retail news in context, analysis with attitude

•  From the Associated Press:

"Walmart and Target plan to begin offering deals and price matching offers earlier this year to keep up with Americans pressed by soaring inflation and looking for ways to ease the potential sting of holiday shopping. The holiday sales strategies, announced Thursday, come amid what is expected to be slower holiday sales growth compared with a year ago.

"Consulting firm AlixPartners forecasts that holiday sales will be up anywhere from 4 percent to 7 percent, far below last year’s growth of 16 percent. The current inflation rate of 8.3 percent means retailers would see a decrease in real sales."



•  From CNBC:

"Target announced Thursday that it plans to hire 100,000 seasonal workers for the holidays and start offering markdowns the first week of October.

"The company said the new workers will be hired after existing Target workers are given a chance to set their holiday shifts. Target hired the same number of workers for the 2021 shopping season, after hiring 130,000 the previous year. Starting wages range between $15 and $24 an hour."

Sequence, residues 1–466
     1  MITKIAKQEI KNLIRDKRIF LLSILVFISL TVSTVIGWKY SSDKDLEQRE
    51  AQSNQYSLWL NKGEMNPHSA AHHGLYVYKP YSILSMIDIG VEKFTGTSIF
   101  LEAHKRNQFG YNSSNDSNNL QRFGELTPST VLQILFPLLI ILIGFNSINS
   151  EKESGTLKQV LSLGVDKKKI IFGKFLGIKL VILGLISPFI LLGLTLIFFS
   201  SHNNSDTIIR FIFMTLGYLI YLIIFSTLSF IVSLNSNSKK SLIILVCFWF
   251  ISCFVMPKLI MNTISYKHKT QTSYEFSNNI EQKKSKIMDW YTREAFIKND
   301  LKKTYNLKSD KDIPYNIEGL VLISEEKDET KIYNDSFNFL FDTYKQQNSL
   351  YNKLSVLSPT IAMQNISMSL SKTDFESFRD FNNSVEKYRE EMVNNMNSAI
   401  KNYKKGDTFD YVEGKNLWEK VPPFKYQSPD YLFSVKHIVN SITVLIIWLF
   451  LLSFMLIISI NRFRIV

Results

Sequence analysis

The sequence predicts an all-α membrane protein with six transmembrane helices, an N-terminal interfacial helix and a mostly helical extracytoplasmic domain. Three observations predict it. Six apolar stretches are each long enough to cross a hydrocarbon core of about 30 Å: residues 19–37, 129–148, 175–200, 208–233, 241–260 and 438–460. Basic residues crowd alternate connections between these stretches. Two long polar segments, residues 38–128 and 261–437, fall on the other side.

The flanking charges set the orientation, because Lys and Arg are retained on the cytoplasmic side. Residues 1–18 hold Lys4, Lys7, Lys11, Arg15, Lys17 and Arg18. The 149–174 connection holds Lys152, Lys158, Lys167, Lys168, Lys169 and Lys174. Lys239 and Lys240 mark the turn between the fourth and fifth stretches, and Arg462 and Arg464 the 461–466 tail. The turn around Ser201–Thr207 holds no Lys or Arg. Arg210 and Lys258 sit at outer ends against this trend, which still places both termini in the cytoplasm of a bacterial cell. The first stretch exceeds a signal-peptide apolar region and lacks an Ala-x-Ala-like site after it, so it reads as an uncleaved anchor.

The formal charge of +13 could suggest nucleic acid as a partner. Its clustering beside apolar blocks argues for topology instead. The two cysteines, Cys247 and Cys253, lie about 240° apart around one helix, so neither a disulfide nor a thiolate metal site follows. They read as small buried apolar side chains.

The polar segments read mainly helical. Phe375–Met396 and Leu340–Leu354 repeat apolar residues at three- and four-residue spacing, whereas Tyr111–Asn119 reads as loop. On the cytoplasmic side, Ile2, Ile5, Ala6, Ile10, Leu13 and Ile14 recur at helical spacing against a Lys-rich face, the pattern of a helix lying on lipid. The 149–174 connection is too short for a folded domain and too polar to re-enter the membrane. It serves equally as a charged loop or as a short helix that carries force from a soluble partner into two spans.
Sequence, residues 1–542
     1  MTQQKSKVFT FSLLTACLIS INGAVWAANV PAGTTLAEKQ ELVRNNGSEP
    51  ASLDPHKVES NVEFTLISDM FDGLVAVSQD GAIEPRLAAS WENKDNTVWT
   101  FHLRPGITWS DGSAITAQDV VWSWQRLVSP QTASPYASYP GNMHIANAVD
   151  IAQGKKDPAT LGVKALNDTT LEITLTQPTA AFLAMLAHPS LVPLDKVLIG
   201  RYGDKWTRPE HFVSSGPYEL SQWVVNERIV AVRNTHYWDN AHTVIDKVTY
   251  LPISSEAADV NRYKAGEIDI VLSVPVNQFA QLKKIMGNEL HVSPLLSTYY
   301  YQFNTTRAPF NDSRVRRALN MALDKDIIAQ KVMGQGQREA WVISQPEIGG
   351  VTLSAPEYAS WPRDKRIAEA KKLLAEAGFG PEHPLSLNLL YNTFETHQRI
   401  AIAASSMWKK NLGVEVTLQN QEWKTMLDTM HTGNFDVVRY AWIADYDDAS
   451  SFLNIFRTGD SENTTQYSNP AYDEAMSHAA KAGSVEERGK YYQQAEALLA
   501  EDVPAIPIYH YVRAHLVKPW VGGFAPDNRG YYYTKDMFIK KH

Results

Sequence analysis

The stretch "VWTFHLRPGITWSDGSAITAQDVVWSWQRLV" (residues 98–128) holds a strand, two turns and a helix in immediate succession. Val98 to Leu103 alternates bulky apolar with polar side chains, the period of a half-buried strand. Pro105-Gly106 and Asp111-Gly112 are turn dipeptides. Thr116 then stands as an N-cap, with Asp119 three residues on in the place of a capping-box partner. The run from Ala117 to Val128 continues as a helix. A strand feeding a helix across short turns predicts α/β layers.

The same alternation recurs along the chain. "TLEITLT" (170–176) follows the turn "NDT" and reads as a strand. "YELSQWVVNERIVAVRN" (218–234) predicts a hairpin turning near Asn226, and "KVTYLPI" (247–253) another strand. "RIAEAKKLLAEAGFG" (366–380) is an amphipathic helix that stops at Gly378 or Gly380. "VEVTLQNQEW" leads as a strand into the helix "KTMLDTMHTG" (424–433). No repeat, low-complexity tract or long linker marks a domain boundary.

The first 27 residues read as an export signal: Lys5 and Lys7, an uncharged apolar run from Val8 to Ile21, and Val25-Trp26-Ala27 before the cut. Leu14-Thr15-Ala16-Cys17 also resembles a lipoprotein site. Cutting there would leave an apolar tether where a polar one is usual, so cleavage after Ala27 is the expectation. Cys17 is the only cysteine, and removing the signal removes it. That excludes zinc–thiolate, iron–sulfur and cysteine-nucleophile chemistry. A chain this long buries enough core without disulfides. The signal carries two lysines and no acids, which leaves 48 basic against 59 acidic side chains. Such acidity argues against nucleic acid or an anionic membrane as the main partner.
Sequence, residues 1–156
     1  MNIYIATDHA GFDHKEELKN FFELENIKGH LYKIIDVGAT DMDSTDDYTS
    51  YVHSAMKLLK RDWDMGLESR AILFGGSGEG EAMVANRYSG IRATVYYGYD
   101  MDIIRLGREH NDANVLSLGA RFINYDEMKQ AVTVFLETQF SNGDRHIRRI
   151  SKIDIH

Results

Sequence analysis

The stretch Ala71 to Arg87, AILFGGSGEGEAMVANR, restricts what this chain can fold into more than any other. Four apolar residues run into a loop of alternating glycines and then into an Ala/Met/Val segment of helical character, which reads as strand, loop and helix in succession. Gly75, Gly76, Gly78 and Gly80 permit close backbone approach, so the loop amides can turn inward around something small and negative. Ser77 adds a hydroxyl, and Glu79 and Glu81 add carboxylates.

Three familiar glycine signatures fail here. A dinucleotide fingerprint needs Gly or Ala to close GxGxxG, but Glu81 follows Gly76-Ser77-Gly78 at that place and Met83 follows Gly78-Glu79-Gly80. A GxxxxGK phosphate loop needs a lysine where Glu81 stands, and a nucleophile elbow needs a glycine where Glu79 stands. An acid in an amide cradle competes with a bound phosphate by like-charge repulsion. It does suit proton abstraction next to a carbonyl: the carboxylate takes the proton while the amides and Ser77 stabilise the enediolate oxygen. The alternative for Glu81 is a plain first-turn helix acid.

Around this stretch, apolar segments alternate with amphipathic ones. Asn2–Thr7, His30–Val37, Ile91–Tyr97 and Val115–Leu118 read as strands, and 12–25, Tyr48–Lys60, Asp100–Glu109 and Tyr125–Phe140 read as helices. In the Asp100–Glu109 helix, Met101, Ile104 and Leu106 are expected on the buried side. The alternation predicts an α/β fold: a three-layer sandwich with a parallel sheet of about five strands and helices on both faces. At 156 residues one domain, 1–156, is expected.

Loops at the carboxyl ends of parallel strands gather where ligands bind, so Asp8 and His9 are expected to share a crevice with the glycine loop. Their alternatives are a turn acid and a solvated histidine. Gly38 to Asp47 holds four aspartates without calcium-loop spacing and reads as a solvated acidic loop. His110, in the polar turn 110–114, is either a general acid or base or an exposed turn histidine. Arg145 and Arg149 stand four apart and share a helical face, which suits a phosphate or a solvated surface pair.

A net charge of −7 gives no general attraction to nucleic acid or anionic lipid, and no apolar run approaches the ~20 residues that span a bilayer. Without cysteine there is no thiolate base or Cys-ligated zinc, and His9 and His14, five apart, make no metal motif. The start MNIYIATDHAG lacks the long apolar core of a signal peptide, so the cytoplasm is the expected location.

The number is significantly higher than the 40,000 seasonal workers that Walmart said it would hire this year.



•  From Bloomberg:

"Applications for US unemployment insurance rose for the first time in six weeks but remained historically low, suggesting demand for workers remains healthy despite an increasingly uncertain economic outlook.

"Initial unemployment claims increased by 5,000 to 213,000 in the week ended Sept. 17, after a downward revision in the prior week, Labor Department data showed Thursday … The four-week moving average, which smooths out volatility from week to week, fell to 216,750.

"Continuing claims dropped to 1.38 million in the week ended Sept. 10."



•  Lidl US yesterday said that it "will introduce rotating price cuts on more than 100 items in all of its 170+ stores. Lidl will kick off the price-cutting campaign on September 28, which will continue throughout the Fall, with price drops on more than 100 everyday items rotating throughout the season … Lidl's investment in lowering prices for its customers comes as inflationary pressures have led to sharp increases in food prices for many retailers, especially on staples including meat, grains, milk, frozen prepared foods, and other key household products."